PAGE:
First Drive: 2011 BMW 5 Series

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BMW’s New 5 Series Shows Its True Colors There are few opportunities, if any, to explore a car’s limits on public roads. For this reason, …

BMW’s New 5 Series Shows Its True Colors

There are few opportunities, if any, to explore a car’s limits on public roads. For this reason, we were given the opportunity to unleash the new 5 series full potential on track. The New Jersey Motorsports Park is a brand new facility that offered up tight, technical corners with a mix of high speed straights. Surrounding secondary roads shaped our perceptions of how the 5 series will drive in daily life.

But before we delve into our on-track experience, let’s take a look at how BMW’s “F10″ 5 series measures up in amenities and content. Mindful of the economic climate and pricing trends across the automotive market, BMW was keen to offer increased value to the 5 series buyer. Those interested in the purchase of a 5 series (we should all have our hands raised by the end of this sentence) will be drawn in by a simultaneous price decrease and content upgrade. To start off, the 2010 5 series will offer larger wheels on the base model, moving from 17″ to 18″ wheels at all corners. Lumbar support and a larger moon roof is standard across all models and navigation is now standard on the larger engined 550i.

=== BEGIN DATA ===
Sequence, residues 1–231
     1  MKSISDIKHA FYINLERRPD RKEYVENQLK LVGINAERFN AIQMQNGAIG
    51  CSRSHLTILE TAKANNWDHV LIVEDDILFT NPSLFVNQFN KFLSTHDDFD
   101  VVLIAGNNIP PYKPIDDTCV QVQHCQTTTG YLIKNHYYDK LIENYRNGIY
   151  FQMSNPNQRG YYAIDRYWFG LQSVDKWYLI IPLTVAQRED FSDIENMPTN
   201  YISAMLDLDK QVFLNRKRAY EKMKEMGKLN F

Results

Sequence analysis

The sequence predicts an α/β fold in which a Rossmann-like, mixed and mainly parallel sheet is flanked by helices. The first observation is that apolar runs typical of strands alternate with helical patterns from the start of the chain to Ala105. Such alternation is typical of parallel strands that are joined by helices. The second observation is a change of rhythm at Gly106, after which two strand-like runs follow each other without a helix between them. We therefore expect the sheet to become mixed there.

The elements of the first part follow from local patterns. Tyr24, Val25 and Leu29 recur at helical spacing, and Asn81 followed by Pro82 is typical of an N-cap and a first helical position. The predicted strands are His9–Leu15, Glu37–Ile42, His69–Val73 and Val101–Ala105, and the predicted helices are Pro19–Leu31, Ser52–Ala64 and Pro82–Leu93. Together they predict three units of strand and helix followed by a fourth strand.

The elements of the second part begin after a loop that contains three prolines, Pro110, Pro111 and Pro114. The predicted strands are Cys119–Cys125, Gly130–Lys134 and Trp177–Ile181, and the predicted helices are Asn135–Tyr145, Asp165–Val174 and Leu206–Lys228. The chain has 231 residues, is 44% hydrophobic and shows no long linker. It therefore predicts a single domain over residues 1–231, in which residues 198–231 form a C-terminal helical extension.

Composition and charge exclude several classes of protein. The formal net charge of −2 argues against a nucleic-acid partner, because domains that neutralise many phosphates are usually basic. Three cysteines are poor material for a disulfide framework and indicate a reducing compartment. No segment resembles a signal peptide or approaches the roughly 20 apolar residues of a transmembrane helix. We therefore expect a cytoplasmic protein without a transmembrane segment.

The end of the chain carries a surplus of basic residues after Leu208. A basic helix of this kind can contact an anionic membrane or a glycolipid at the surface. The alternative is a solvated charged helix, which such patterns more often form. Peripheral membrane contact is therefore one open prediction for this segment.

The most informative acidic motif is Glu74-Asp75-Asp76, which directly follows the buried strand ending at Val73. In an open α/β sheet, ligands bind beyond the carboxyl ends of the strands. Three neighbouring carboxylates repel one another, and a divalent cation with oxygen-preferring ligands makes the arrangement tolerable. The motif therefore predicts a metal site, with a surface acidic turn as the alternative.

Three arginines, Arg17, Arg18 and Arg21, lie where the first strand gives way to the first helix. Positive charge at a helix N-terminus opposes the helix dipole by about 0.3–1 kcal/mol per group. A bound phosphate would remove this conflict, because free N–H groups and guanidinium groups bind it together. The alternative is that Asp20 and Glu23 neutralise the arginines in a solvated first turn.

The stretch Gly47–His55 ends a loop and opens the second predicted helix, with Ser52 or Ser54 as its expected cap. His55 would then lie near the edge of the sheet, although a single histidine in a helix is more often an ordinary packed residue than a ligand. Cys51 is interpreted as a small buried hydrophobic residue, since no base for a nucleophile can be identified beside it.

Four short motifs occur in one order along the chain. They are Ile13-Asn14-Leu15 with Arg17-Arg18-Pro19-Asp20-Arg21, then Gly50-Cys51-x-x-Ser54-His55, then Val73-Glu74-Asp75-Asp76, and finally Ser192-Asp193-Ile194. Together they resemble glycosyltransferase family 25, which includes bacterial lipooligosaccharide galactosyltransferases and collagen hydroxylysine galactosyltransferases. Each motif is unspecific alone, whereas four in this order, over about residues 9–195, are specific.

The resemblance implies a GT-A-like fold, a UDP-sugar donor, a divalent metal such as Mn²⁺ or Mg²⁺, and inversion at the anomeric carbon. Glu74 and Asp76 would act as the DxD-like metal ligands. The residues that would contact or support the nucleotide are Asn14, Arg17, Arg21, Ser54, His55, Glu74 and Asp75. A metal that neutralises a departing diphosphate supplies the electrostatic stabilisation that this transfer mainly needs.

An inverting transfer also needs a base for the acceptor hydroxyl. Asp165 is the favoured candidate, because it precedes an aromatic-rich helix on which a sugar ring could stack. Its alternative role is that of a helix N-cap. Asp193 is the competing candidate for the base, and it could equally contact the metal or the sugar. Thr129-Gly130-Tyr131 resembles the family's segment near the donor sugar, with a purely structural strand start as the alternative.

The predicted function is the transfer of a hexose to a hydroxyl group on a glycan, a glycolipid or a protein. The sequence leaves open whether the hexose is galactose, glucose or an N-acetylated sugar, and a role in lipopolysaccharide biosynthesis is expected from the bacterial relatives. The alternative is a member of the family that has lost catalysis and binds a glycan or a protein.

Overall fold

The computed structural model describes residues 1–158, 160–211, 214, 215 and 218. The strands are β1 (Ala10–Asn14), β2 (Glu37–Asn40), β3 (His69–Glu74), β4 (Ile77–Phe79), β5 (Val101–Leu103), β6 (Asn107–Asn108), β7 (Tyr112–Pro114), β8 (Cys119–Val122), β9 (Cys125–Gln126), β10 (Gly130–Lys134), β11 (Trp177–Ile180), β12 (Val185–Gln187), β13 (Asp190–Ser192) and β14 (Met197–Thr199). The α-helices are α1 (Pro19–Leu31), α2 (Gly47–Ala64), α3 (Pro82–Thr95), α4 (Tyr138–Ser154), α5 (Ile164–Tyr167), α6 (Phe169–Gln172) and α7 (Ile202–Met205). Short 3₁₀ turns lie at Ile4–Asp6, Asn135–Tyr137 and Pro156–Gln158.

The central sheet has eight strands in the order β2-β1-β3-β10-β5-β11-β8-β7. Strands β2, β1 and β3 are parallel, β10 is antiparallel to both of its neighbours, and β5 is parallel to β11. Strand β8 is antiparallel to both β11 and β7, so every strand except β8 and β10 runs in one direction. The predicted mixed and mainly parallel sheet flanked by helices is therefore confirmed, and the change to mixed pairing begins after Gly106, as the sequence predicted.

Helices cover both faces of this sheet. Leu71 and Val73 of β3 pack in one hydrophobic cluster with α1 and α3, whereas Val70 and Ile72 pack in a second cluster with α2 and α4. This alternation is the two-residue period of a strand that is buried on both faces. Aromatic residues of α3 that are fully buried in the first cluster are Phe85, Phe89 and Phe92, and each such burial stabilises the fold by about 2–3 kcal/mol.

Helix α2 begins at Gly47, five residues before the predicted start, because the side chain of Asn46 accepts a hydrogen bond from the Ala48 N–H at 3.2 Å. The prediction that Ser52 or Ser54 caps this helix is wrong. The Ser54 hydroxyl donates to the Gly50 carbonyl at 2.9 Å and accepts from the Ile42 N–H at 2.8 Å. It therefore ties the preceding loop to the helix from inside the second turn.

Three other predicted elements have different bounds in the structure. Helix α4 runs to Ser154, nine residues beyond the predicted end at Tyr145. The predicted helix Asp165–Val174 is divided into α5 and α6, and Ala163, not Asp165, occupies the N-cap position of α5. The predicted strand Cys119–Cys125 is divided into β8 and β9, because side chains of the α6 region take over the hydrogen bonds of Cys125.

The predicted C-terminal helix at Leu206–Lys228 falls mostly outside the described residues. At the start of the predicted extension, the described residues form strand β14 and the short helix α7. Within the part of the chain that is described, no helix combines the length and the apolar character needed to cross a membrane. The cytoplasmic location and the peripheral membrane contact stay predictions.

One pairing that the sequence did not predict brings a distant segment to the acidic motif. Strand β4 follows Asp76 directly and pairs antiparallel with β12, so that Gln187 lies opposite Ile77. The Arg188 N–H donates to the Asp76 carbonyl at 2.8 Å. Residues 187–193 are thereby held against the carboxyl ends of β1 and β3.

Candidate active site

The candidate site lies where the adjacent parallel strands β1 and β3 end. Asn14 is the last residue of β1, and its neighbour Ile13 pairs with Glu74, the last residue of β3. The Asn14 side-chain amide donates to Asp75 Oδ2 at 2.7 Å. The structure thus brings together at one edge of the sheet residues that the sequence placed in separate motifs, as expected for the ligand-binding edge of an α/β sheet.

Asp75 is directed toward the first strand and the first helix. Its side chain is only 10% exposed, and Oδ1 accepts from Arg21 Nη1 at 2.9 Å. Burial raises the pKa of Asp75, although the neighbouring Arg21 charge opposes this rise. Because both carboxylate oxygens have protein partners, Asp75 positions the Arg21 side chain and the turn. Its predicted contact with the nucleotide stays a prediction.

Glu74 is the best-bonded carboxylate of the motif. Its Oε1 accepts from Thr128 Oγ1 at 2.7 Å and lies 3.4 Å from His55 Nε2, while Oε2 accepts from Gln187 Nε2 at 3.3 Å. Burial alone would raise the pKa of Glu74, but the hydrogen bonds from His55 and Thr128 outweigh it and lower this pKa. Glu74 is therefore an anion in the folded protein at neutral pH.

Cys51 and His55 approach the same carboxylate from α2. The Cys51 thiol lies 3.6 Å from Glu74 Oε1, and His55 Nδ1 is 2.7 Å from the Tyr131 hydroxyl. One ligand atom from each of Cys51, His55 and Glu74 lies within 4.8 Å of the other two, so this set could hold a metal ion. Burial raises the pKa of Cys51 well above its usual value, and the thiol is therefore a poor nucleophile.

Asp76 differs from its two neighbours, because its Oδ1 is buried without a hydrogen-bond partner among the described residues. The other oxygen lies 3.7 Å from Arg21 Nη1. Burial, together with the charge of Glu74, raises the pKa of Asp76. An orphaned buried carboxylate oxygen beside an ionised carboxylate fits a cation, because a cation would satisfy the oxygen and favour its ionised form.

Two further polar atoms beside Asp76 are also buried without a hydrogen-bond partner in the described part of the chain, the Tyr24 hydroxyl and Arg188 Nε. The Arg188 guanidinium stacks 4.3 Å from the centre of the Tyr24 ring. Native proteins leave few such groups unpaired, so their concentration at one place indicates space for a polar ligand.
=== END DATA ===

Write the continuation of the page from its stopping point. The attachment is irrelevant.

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The most important feature of all offered on both the inline-6 and V8 model? A standard 6 speed transmission. Drivers rejoice; an altruistic performance sedan awaits you.

All of the above is punctuated by a price decrease across the line: $44,550 for the 528i (- $1,400), $49,600 for the 535i (- $1,650) and $59,700 for the 550i (-$900) from the previous E60 sedan. This should have the competition’s attention as the 5 series advances further ahead technologically at a lower price point.

As time rolls on we will see the release of all wheel drive on the 5 series models, a welcome addition to the lineup for those who live in the Northern throws of the United States or Canada.